As with any cantilevered spring, the amount of force that curling protofilaments can produce depends on how they are coupled to the object on which they are pushing (Molodtsov et al., 2005; Efremov et al., 2007). The amount of strain energy they carry is a more fundamental quantity, and therefore less sensitive to geometric details of the coupling. Ultimately, this strain energy determines the maximum force-generating capacity of the conformational wave mechanism. It is also fundamentally important for all current models of microtubule dynamic instability, and numerous previous studies have attempted to estimate its magnitude. Thermodynamic approaches (Desai and Mitchison, 1997; Caplow and Shanks, 1996; Howard, 2001) and analyses based on the bending rigidity of intact microtubules (Mickey and Howard, 1995) have yielded estimates spanning more than an order of magnitude (Figure 4—figure supplement 1d). But these methods can only infer the stored strain indirectly. Our wave assay has provided a more direct approach.
To measure the energy carried by the conformational wave we modified an assay pioneered in a previous study, (Grishchuk et al., 2005) adding a feedback-controlled laser trap and other improvements to prevent the microbeads used in the assay from restricting the curling of the protofilaments. Our results clearly demonstrate the spring-like elasticity of the protofilaments and establish that they carry a very substantial amount of curvature strain (>74 kBT), which can be harnessed to perform mechanical work. Our data further show that movement in the assay is likely driven by a lateral push mechanism, in which the curling protofilaments push laterally on the bead, causing it to pivot around the flexible tether linking it to the microtubule. Based on this arrangement, we estimate that the measured work output derives from outward curling of as many as 16 tubulin dimers, implying an energy per dimer of at least 19 pN·nm (4.7 kBT, or 2.7 kcal mole−1).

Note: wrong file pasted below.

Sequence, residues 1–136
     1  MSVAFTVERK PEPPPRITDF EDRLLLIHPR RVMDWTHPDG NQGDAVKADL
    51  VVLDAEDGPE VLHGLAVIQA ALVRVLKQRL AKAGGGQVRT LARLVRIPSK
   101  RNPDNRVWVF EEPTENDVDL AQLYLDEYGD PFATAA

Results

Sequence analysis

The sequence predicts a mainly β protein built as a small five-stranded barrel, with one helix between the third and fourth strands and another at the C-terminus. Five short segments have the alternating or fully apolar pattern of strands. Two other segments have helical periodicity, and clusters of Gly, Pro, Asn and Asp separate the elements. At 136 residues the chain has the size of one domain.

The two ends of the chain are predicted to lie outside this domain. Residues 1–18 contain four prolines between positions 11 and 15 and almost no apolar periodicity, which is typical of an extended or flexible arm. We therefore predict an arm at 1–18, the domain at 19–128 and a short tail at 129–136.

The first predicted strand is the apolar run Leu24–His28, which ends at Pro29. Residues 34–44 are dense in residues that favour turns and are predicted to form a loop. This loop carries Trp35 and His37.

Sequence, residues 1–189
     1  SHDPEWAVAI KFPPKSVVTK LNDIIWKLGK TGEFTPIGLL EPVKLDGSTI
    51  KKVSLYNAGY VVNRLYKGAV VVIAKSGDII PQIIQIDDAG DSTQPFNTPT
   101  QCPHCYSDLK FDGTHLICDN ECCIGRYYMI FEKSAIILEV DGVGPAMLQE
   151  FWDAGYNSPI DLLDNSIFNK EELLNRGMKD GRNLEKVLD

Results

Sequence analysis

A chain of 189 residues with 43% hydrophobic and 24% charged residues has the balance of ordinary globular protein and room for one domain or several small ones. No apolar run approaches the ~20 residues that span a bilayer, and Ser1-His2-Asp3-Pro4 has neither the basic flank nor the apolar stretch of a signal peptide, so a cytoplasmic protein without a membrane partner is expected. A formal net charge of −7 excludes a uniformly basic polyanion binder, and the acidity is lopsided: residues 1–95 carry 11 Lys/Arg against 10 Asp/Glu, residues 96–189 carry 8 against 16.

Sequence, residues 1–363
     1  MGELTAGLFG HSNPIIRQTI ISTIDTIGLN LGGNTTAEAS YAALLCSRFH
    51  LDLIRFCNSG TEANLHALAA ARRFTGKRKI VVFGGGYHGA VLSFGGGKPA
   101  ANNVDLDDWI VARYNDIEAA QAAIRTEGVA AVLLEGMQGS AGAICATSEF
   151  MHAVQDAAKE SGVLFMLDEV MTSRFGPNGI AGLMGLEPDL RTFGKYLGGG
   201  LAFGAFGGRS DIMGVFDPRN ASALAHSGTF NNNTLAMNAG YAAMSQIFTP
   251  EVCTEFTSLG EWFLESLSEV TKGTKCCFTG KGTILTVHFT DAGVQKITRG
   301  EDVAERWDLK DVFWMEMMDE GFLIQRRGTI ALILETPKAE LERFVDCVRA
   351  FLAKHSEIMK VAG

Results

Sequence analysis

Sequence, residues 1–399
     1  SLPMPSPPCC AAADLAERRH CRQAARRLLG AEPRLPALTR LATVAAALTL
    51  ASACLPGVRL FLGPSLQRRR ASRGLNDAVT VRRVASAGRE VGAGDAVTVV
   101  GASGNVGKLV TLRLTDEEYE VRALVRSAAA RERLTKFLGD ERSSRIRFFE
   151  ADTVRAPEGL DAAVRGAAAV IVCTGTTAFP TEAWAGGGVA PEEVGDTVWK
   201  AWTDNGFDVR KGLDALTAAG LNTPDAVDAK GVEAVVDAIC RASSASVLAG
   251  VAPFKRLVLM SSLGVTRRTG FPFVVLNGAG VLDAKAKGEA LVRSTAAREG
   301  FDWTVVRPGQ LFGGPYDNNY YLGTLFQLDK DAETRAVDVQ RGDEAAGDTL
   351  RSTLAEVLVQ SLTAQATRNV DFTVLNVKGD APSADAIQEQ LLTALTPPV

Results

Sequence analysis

Ultimately this energy is derived from the chemo-mechanical cycle of tubulin. Soon after a tubulin dimer assembles into a microtubule, GTP is hydrolyzed and a portion of the free energy liberated by this chemical reaction is stored as curvature strain in the microtubule lattice (Desai and Mitchison, 1997; Nogales and Wang, 2006). Our estimate of this stored strain represents ~22% of the total free energy available from GTP hydrolysis (see Figure 4—figure supplement 1d), indicating that tubulin can convert chemical energy into mechanical work with an efficiency similar to other, more conventional molecular motors, such as kinesin, (Howard, 1996) myosin, (Rief et al., 2000) and dynein (Gennerich et al., 2007).
The curvature strain energy carried by curling protofilaments is easily sufficient to make a major contribution to the motility of isolated kinetochores and recombinant kinetochore subcomplexes in vitro (Volkov et al., 2013; Akiyoshi et al., 2010; Asbury et al., 2006; Powers et al., 2009; Tien et al., 2010). The mechanical work harnessed by these reconstituted couplers from a disassembling microtubule tip is the product of the opposing force, F, against which they move, multiplied by the distance moved, δ. The distance moved per released tubulin dimer, δ = 0.61 nm, is known from the structure of the microtubule lattice (i.e., the 8 nm length of an αβ-tubulin dimer divided by 13 protofilaments) (Amos and Klug, 1974). The maximum force against which a yeast kinetochore has been observed to track in vitro with disassembly is F = 8.5 ± 1.9 pN (based on a line-fit to tracking speeds measured as a function of tension) (Akiyoshi et al., 2010). Multiplying these gives F·δ = 5.2 ± 1.2 pN·nm of work per released dimer (equivalent to 1.3 ± 0.3 kBT per dimer, or 0.74 ± 0.17 kcal mole−1), which is lower than our estimate of curvature strain in the protofilaments, by ~3 fold. Tip-couplers made by linking recombinant Dam1 complexes at high density to beads via long tethers can sometimes track against even higher forces, up to F = 30 pN (Volkov et al., 2013). This maximum force corresponds to F·δ = 18 pN·nm per released dimer (4.5 kBT per dimer, or 2.6 kcal mole−1), a value nearly equal to our estimated protofilament strain.